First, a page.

Hip and Knee Replacement – No Longer Your Grandfather’s Surgery
When you think of the typical patient having a hip or knee replacement, do you see a 75-year-old with limited mobility, perhaps needing the assistance of a walker or cane? Well, it’s time to change your perception. Today more and more people in their 40s, 50s and 60s are getting their hips and knees replaced.
“Historically, there was a reluctance on the part of surgeons to perform this procedure in younger people because they were worried about what will happen 10, 20, 30 years down the road,” said Jacob Drew, MD, joint replacement surgeon in the Carl J. Shapiro Department of Orthopaedics at Beth Israel Deaconess Medical Center.
Drew said the biggest change in that mindset has been the development of more advanced materials being used for joint replacement devices. These new plastics, ceramics and metal alloys have lengthened the life span of joint replacement. “Fifteen years ago, a hip or knee replacement would last 10-15 years,” said Drew. “Now we anticipate them lasting closer to 25 or even 30 years.”
For people who may need more than one joint replacement in their lifetime, it’s encouraging to know that the technology for revision surgery (when a doctor removes some or all of the parts of the original prosthesis and replaces them with new ones) has also advanced. “For patients who need a ‘redo’ procedure, it’s not as daunting as it may once have been,” said Drew.
Arthritis, a condition most commonly found in older adults, is the main cause of joints wearing down over time. However, in younger people, arthritis can occur after an injury. Additionally, other conditions, such as osteonecrosis (collapse of the bone due to low blood flow to the bone cells), can bring about the need for a joint replacement procedure in younger patients.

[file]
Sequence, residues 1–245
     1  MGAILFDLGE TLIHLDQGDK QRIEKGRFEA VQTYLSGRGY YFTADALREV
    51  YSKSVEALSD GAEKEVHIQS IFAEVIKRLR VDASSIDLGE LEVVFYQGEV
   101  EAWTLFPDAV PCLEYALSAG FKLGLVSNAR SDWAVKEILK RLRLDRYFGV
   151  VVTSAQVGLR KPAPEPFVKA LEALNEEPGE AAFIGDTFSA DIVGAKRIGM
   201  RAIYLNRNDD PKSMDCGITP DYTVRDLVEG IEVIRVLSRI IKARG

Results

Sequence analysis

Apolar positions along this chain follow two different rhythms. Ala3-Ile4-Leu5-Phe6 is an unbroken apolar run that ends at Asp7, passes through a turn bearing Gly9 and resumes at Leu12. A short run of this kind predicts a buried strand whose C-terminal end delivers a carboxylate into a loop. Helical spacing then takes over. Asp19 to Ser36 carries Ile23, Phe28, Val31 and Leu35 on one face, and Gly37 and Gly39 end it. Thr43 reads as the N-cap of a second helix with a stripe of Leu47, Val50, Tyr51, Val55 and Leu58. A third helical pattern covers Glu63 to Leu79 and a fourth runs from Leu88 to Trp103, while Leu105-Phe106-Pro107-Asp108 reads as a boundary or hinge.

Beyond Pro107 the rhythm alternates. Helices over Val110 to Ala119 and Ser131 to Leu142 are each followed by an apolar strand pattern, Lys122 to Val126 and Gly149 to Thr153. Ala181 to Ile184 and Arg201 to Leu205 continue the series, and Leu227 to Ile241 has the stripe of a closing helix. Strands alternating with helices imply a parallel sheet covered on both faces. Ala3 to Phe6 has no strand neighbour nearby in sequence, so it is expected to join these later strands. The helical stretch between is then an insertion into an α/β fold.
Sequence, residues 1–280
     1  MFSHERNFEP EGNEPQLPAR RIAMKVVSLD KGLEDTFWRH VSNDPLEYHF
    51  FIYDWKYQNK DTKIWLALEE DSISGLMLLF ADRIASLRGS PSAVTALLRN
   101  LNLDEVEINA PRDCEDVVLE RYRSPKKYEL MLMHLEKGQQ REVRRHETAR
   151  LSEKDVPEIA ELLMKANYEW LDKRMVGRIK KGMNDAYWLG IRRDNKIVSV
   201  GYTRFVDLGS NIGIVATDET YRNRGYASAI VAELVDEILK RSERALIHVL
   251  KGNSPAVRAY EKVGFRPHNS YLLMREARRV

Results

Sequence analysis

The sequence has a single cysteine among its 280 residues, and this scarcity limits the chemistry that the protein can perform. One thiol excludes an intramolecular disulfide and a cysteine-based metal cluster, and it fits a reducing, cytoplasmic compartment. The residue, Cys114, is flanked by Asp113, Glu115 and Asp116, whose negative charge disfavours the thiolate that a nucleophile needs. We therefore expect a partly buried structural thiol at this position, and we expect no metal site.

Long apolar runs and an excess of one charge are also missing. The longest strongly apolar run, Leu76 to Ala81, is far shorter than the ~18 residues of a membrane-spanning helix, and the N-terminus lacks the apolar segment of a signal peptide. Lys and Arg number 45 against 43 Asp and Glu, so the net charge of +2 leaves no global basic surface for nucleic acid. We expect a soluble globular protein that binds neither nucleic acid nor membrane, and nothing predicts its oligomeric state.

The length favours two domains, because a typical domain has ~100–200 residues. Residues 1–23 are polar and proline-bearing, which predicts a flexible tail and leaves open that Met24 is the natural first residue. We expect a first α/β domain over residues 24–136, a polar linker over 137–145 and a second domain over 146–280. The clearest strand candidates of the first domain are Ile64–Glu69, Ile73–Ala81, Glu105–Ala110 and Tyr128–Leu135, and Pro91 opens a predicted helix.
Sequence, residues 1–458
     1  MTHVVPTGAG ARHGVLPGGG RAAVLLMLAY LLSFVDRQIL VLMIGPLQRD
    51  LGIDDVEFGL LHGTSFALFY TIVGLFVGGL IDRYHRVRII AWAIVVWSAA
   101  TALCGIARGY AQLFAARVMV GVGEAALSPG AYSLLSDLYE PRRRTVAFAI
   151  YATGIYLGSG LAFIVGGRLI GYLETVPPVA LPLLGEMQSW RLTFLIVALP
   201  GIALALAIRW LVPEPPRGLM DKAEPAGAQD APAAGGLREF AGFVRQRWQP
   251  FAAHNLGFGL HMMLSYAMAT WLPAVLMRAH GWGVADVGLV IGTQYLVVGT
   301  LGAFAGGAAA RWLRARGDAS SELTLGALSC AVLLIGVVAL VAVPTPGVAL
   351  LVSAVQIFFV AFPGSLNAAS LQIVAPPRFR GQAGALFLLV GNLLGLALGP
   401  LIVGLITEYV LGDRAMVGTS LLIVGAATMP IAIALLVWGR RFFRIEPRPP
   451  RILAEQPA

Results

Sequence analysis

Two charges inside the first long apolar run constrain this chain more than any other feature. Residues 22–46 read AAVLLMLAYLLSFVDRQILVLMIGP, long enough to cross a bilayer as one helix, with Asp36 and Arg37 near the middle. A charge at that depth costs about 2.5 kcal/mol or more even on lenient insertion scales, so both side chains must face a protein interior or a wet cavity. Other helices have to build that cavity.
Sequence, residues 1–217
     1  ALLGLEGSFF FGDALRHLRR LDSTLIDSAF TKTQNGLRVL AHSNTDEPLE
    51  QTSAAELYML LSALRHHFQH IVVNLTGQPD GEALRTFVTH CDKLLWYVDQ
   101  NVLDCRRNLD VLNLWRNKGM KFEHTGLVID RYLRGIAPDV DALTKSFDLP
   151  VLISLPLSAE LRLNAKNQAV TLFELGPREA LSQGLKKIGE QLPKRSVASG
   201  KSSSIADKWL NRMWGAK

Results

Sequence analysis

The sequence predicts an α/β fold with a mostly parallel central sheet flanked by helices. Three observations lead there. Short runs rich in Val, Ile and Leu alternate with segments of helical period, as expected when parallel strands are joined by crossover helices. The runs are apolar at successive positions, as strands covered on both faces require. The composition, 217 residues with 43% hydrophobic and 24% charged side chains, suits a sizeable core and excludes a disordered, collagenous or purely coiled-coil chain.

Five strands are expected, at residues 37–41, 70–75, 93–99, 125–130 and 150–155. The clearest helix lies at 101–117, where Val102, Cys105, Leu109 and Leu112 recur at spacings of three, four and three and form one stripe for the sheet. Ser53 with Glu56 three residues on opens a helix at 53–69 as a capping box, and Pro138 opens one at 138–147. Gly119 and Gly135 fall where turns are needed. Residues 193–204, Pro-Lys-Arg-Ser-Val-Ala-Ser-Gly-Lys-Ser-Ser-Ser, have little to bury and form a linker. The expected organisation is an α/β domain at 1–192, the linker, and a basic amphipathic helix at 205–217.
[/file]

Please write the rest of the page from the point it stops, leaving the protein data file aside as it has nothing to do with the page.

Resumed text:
People who regularly exercise and stay active might wonder if there is anything they can do to help prevent their joints from wear and tear over time. According to Drew, there is no way to prevent arthritis, although there are certainly steps individuals can take to reduce their risk and slow the progression of joint deterioration. Maintaining a healthy body weight, using proper body mechanics when exercising, and stretching can all sustain joint health. People are encouraged to participate in sports and activities they enjoy, though low-impact exercise, such as swimming, biking, or the elliptical may be easier on the joints than high impact activity such as running on pavement or basketball, Drew added.
“Often, arthritis doesn’t discriminate, but there are ways to deal with its symptoms,” said Drew. “In large part, it’s driven by a combo of genetics and circumstance, like an old injury or people who have led hard lifestyles like performing manual labor for many years.”
The good news at the Arthritis Center at BIDMC is that non-surgical treatments are usually recommended first. “Typically everyone with an arthritic knee deserves non-surgical therapy first – physical therapy, bracing, medication, injections, or mind-body interventions like Reiki and massage” said Dr. Drew. “Surgery for a patient of any age is the last resort.”
And even better news for patients who do need surgery is that the total time of the procedure is only about 1 ½ hours for either a hip or knee replacement, and typically includes a one-night stay in the hospital. Dr. Drew said that some “really motivated” patients can even go home safely the same day.
“We know that especially with younger patients, they really strive to get back to their active lives quickly,” said Dr. Drew. “These are often very healthy people who just happen to have a bad joint. We emphasize that positive message of wellness and through rehab and the right amounts of pain control, we’re focused on getting patients back to their normal routines as quickly and safely as possible.”